Author Jeff Rybak talks about the educational system’s flaws – and how students can play to its strengths.
Jeff Rybak, 31, is a graduate of the University of Toronto Scarborough and author of What’s Wrong with University: And How to Make It Work for You Anyway. The guidebook-cum-philosophical treatise examines the purpose of university education and gives practical advice to students on getting the most out of their schooling. Rybak, a former vice-president, academics, on the Scarborough Campus Students’ Union, is currently studying law at U of T. He talked to writer Graham F. Scott about his book.
Just what is wrong with university? We don’t tend to invite students to think about what they really came to university for. We act as though there’s only one kind of education, and you come to get that, and then you’re successful. And of course, it isn’t that simple. You need a motive to get what you came for, and you need to realize that what you came for is not necessarily what the person beside you came for.
That sounds more like a problem with students, not universities. It’s a problem with the way universities market themselves, and are presented by the government and society in general.We act as though this one place is the answer to everybody’s success: if you want to study something because you love it, come here. If you want a career, come here. If you want to change society for the better, come here. If you just want to get away from your parents, come here. At some point, they convinced us that everybody needs this.
Would you say that U of T is doing better, worse or about the same as other universities?
In my book, I’m not trying to name names. I think that U of T suffers from the big, research-based, monolithic university problem, where everybody gravitates to this one standard of excellence, to the detriment of other options. U of T is a good school, I just don’t think it should be the one standard that everyone aspires to.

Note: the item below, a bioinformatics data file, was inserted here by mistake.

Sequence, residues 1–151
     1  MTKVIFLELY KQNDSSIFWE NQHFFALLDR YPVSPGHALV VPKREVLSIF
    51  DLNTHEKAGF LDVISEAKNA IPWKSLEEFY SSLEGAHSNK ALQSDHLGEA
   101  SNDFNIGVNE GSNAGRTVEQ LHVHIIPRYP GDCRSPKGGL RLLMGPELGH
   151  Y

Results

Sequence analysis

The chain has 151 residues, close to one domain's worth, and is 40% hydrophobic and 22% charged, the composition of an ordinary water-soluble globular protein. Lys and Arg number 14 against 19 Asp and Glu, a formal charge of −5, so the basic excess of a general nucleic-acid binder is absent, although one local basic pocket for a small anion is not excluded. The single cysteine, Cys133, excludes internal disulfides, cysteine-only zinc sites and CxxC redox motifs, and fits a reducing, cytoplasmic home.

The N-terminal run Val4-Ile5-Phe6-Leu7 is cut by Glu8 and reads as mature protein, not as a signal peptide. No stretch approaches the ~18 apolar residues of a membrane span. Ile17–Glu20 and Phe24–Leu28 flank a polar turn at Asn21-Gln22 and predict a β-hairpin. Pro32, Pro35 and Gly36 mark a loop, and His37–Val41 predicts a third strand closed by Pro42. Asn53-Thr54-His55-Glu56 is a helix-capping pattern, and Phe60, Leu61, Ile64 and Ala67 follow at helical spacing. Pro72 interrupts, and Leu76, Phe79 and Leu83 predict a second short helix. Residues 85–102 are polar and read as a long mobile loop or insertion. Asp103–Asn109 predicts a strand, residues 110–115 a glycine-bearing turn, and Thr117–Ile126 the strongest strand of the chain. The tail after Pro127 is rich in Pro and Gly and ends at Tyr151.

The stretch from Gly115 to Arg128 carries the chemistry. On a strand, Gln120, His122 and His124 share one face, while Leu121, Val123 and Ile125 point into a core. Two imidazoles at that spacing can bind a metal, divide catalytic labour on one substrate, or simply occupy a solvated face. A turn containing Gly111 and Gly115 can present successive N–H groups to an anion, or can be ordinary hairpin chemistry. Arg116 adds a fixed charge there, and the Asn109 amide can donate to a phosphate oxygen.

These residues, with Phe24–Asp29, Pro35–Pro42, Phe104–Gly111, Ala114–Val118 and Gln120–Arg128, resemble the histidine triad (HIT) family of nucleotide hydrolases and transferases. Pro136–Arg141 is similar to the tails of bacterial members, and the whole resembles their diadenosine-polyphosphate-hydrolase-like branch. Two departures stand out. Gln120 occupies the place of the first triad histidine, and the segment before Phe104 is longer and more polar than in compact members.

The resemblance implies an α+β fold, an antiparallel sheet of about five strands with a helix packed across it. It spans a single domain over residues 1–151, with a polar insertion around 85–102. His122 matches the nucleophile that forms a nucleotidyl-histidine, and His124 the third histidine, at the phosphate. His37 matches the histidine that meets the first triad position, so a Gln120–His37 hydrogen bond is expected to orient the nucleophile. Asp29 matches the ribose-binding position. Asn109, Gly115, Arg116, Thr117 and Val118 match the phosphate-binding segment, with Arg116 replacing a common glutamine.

What should students do to get the most out of their time at university? Take ownership of the experience. Sometimes you actually have to get up and say, “I want to participate.” For one student that might be a writing circle, for another student that might be a job fair. If you just wait for what’s handed to you, the odds are you’re not going to get offered what you want.
That sounds like students should be approaching the university as consumers looking for their money’s worth. Is that a fair characterization? I’d say approach university in a way that says you are determined to get value out of it and you are going to take the lead on making sure that happens. I’m not sure that’s only a consumer perspective – you could say the same thing about church.You get as much out of it as you choose to put in.
Why did you want to write this book? Three years in student government. I was helping students with academic problems, and I was getting sick of saying the same things over and over. So I started to write things down, to help students understand things that I thought they’d benefit from. I wrote about 15,000 words, and a professor looked at it and said,“You know, you might have a book here.”
You started your undergraduate degree at 27. What were you doing in between high school and university? Travelling. Writing – unsuccessfully.Working a number of minimum-wage jobs to support myself, and generally just living and growing up. Which brings me to my criticism of this whole “grow up at university” idea: life lessons are free. … If you need some time to grow up, there’s a whole world to do it in.